Schneider suggests, however, that, in making his estimates, he has this covered. He screens out all money made through “illegal actions that fit the characteristics of classical crimes like burglary, robbery, drug dealing, etc.” This means that the big-time criminals are likely out of his statistics, though those gangsters who control the fruit market are likely in, as long as they’re not involved in anything more nefarious than running a price-fixing cartel.

    Is there a background of private (illegal) violence? Is the “rent” really extortion or is it an exchange made without the threat of force? Unclear.

    And thanks for pointing out this article, it was an interesting read. Though I’m more inclined to see the dystopian features of entrepreneurship unencumbered by the gaze of the state.Report

  4. Avatar DensityDuck says:

    “System D” sounds like a tarted-up restatement of “it’s easier to get forgiveness than permission”.

    Maybe the lesson here is not that government is stupid, but that we don’t actually need must-obey and third-party-verified compliance to every regulation that someone can imagine.Report

  5. Avatar Stillwater says:

    they don’t give anything to, or get anything from, the regionally dominant protection agencies, except insofar as they benefit from a general climate of non-lawlessness, which helps even lawless businesses succeed.

    If half the people in the world are working in System D, then I’d say the general climate isn’t quite what you’re describing.

    central governments must be doing something really, really wrong for businesses to want to hide so badly.

    For businesses to want to hide so badly? Isn’t that a question which contains it’s own answer? Doesn’t it also derive neatly from the first principles of a theory which says that unfettered markets and profit motive are the best way to maximize etc etc.?Report

  6. Avatar Kolohe says:

    I didn’t care much for Neuwirth’s article, to me he’s overselling his thesis* to sell books.

    And I’m quite sympathetic to off the books, grey market, informal economies. But like reason’s paens to the northern parts of Cote D’Ivoire a couple of years ago, it’s ignoring some key parts of the picture.

    My first reaction when I came across this piece earlier in the week was “So, he’s discovered the 18th century?”

    (*To wit – calling it a ‘system’.  By definition, it’s not.  And it’s certainly not a ‘superpower’ in any sense of the term)Report

  7. Avatar George T says:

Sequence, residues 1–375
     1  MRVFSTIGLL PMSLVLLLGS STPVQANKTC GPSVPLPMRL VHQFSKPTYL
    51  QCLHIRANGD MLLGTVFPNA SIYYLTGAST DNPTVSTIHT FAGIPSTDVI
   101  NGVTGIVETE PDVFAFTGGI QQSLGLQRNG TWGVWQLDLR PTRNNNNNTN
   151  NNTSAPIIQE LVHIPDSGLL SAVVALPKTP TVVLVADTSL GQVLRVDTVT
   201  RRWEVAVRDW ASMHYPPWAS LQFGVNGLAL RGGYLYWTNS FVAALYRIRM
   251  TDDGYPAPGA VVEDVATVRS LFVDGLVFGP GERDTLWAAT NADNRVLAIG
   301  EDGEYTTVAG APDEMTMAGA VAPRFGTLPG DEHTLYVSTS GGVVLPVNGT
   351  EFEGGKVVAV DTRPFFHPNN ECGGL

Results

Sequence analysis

The US operates almost entirely under “System D”.  We legalized all its informal transactions and gave them legal protections, and got incredibly rich off it, continuing a trend started in Britain.  The reason the US has no large black market (unlike the third world), is that we grandfathered it in.

    The economist Hernando De Soto not only did the best research into the rules of the system (In his book “The Other Path”), but in his book on capitalism traced the incredible wealth of the US to a series of laws passed in Frankfort Kentucky, declaring that the state would recognize as the legal owner of land the person who had made improvements upon it, regardless of any other land grants.  The Supreme Court struck it down repeatedly and Frankfort kept passing it again (every politician Kentucky was elected by people whose farms were carved out regardless of Revolutionary War land grants, deeds from the Spanish Crown, and land speculators back east).  Other states followed Kentucky’s example, and vast tracks of land entered the legal economy, as did the bulk of the otherwise disposessed subsistence farmers.

    In most third world countries the average person doesn’t own a legal title to his land, and thus can’t legally own a house or run a business.    We solved that problem by making it trivially easy to own property legally.  The contrast isn’t lost on people who spend 20 years fighting a vast web of bureaucratic ministries, bribing everyone in sight to try and get a legal title to the home they built with their own hands on the land their family has farmed since the 1600’s, but who can hop on a plane to Miami and become a legal homeowner and business owner the same day.

    The other reason to recommend De Soto is that he’s the first person to figure out what capital actually is.  Adam Smith and Karl Marx made stabs at the question  but couldn’t figure it out, and no economists since then could figure it out either.  That’s but one of the reasons that many people consider De Soto to be the greatest economic thinker since Smith, if not the greatest of all time.

    And the most interesting thing about De Soto is that he didn’t spin a theory (like Karl Marx sitting in his basement wondering what it must be like to have a job), he just took lots and lots of detailed observations (tasking a great many students to help collect data) and described what he saw and how it worked, like a scientist looking through a microscope at newly discovered little animacules.  It reminded me of Adam Smith observing meetings between businessmen, as they conspired to collude and then always got stabbed in the back by a member who undercut the rest of them.